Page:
StoryCorps
12:18 am
Fri August 2, 2013

A Mother And Son Live, And Cope, With Mental Illness

Liza Long's son, 13, struggles with rage and violent outbursts. After the school shootings in Newtown, Conn., Long wrote a blog post advocating for better care for mentally ill youth.
StoryCorps

Originally published on Fri August 2, 2013 8:08 am

One day after the school shootings in Newtown, Conn., last December, Liza Long wrote a blog post urging the country to focus on treatment for the nation's mentally ill youth. In it, she shared the story of her own son, "Michael" (not his real name). "I live with a son who is mentally ill," she wrote for The Blue Review.

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Environment
12:17 am
Fri August 2, 2013

Our Once And Future Oceans: Taking Lessons From Earth's Past

Changes to the acidity of the Earth's ancient oceans affected the coral reefs more than 50 million years ago. And researchers are using that information to try to predict how the planet might fare in our rapidly changing climate. Above, the Wheeler Reef section of the Great Barrier Reef.
Auscape UIG via Getty Images

Originally published on Wed September 4, 2013 9:48 am

One of the most powerful ways to figure out how the Earth will respond to all the carbon dioxide we're putting into the atmosphere is to look back into the planet's history.

Paleontologists have spent a lot of time trying to understand a time, more than 50 million years ago, when the planet was much hotter than it is today. They're finding that the news isn't all bad when you take the long view.

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Planet Money
12:17 am
Fri August 2, 2013

4 Reasons Why Millions Of Americans Are Leaving The Workforce

NPR

Originally published on Fri August 2, 2013 8:08 am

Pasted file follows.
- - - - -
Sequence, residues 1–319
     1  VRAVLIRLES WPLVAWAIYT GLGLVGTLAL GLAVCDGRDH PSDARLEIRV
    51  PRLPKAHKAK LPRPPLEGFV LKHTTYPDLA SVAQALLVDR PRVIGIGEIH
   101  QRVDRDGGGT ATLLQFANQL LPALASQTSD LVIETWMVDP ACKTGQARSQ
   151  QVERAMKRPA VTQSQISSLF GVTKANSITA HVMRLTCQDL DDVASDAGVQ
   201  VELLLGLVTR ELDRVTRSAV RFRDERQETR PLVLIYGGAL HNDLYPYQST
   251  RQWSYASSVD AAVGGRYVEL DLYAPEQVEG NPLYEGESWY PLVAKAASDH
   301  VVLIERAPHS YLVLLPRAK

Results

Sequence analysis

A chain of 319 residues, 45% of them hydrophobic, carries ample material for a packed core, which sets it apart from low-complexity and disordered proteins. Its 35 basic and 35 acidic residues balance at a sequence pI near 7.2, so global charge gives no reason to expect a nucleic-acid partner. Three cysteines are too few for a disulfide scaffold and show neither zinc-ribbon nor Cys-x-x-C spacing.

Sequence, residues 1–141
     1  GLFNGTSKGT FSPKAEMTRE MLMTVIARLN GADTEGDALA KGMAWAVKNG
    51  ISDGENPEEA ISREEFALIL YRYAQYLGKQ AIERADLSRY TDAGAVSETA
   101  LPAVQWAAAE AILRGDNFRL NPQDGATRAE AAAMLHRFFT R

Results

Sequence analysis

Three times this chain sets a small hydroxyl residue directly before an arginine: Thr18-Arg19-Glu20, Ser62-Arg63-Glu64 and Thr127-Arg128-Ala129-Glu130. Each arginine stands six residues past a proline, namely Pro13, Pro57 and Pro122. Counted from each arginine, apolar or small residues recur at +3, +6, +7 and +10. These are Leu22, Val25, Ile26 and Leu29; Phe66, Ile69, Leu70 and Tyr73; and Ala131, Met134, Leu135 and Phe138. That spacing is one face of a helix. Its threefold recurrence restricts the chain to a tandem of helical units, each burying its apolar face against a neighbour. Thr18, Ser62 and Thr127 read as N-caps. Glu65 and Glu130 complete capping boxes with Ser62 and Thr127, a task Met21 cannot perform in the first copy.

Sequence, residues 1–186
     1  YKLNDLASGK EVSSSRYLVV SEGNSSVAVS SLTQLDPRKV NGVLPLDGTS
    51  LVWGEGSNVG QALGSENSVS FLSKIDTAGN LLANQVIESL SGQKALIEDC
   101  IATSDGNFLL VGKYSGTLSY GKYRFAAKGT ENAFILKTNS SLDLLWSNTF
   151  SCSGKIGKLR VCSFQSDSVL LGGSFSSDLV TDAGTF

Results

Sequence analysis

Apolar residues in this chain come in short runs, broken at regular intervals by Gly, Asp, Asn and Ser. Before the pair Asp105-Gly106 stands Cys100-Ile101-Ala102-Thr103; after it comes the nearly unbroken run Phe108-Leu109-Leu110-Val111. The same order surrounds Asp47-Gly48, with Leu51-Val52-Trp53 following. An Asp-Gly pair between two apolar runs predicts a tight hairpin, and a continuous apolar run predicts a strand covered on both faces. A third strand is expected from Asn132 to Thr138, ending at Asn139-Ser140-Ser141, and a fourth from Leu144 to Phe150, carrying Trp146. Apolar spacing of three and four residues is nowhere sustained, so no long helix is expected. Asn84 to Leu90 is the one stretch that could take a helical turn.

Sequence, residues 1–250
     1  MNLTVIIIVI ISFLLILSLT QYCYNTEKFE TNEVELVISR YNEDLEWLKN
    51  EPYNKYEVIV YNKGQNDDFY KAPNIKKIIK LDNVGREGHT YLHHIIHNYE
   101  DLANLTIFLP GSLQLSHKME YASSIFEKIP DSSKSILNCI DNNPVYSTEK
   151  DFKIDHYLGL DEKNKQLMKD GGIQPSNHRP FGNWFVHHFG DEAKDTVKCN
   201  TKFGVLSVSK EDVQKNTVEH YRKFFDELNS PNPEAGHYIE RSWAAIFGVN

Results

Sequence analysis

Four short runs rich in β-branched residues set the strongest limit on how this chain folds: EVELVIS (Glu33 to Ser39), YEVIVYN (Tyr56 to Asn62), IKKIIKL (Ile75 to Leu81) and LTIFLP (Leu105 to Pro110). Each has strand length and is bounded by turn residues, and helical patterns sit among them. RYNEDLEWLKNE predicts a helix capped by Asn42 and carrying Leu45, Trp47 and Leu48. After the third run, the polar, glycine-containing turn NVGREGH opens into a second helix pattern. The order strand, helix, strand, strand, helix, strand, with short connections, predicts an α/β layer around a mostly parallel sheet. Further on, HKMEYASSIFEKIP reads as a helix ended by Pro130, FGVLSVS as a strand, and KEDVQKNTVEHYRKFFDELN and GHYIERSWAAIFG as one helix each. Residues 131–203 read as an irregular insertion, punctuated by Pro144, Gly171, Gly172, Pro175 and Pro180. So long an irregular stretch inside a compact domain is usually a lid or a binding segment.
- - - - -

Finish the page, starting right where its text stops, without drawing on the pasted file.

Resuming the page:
The unemployment rate only includes people who don't have jobs and are looking for work. A much larger swath of people — about 36 percent of U.S. adults — don't have jobs and aren't looking for work at all. That figure is higher than it's been in decades (and, conversely, the share of adults in the labor force — shown in the graph above — is lower than it's been in decades).

Here are four reasons why so many people are leaving the labor force.

1. They're retiring.

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It's All Politics
4:32 pm
Thu August 1, 2013

What Chris Christie And Rand Paul Share, Despite Their Clash

Gov. Chris Christie of New Jersey
Julio Cortez AP

Originally published on Thu August 1, 2013 4:54 pm

Now that the dust has settled somewhat on the rhetorical skirmish between Rand Paul and Chris Christie over NSA data-gathering, it's easier to see the irony of the confrontation.

We witnessed not just the punching and counterpunching of politicians considered likely contenders for the 2016 GOP nomination. It was also a clash between men who each possess a key to winning the White House.

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Government & Politics
4:00 pm
Thu August 1, 2013

Brown Raises $10 Million for Governor's Race; GOP Nowhere Close

California Governor Jerry Brown (file photo)
Credit Andrew Nixon / Capital Public Radio

California Governor Jerry Brown is leaving his potential Republican challengers in the dust when it comes to raising money for next year’s election.